Source | www.theladders.com | Bruce Daisley
I once had a boss who had scolded our team: “Now’s not the time to be seen laughing.” Times were tough and it was his hunch that the optics of a team cracking up might not look like they were earnestly endeavoring to turn things round.
But it turns out that humor is a very powerful tool in the workplace. Evidence suggests that it builds trust, forges bonds among colleagues, helps us cope with stress, and inspires creativity and problem solving. In short, laughter is the secret weapon for building great teams.
Psychologist Robert Provine has taken a keen interest in laughter as humankind’s way to synchronize with each other, particularly in the workplace. Just as birds sing to each other, or dogs in neighboring backyards bark at each other, or wolves howl together, so humans laugh to connect with one another, to achieve synchronization.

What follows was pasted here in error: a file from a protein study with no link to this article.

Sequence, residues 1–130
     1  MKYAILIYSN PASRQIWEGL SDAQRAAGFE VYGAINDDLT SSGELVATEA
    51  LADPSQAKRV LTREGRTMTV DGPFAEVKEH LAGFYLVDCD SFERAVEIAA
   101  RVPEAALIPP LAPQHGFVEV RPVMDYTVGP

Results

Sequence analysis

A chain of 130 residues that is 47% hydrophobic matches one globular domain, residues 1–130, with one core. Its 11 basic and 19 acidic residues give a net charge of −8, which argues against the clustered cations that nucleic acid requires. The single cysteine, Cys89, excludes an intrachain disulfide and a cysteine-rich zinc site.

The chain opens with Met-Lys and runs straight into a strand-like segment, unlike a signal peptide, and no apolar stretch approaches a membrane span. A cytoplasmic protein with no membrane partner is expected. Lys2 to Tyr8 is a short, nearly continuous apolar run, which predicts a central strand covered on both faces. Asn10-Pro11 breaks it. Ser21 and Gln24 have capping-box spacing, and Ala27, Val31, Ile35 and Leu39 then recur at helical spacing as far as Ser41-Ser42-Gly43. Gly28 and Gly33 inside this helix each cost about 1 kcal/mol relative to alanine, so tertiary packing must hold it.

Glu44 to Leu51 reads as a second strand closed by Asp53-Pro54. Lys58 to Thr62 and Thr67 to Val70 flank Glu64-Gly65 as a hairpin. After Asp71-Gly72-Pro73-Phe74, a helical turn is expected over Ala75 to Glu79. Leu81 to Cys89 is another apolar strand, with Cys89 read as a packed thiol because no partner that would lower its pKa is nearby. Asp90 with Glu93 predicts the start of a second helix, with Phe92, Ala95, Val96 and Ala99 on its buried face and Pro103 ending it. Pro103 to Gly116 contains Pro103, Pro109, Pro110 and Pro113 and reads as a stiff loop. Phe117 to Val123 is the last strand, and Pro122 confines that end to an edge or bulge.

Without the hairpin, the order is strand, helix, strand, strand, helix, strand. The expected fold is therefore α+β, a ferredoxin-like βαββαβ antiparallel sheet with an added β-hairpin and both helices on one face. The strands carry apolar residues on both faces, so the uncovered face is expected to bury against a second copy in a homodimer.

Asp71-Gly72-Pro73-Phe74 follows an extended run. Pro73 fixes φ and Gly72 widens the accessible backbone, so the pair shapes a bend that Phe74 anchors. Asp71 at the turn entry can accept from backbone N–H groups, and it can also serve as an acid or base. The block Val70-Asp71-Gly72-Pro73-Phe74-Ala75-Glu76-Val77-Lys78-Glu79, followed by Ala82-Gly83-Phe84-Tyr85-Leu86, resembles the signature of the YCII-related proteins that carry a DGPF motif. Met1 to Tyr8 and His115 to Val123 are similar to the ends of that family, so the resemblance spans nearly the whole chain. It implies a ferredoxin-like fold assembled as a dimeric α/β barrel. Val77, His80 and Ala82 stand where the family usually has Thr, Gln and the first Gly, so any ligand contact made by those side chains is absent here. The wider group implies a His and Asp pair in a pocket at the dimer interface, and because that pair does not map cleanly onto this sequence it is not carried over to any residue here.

“Laughter is the quintessential human social signal. Laughter is about relationships … Think of the last time you sat in an audience, laughing and letting waves of laughter wash over you,” Provine wrote. “A pleasant experience — one of life’s best. But consider now the primal nature of the animal chorus and the way the members of an audience synchronize their noises.”
What Provine is talking about here is not about laughing because a joke is funny. It’s about laughing as a form of social bonding and group coordination.
Provine studied and recorded over a thousand laughter episodes in offices. And what he discovered was that laughter wasn’t triggered by humor or hilarious jokes but by seemingly innocuous comments:
“I’ll see you guys later.” “We can handle this.” “I think I’m done.”
“I told you so.” “There you go.” “Must be nice.”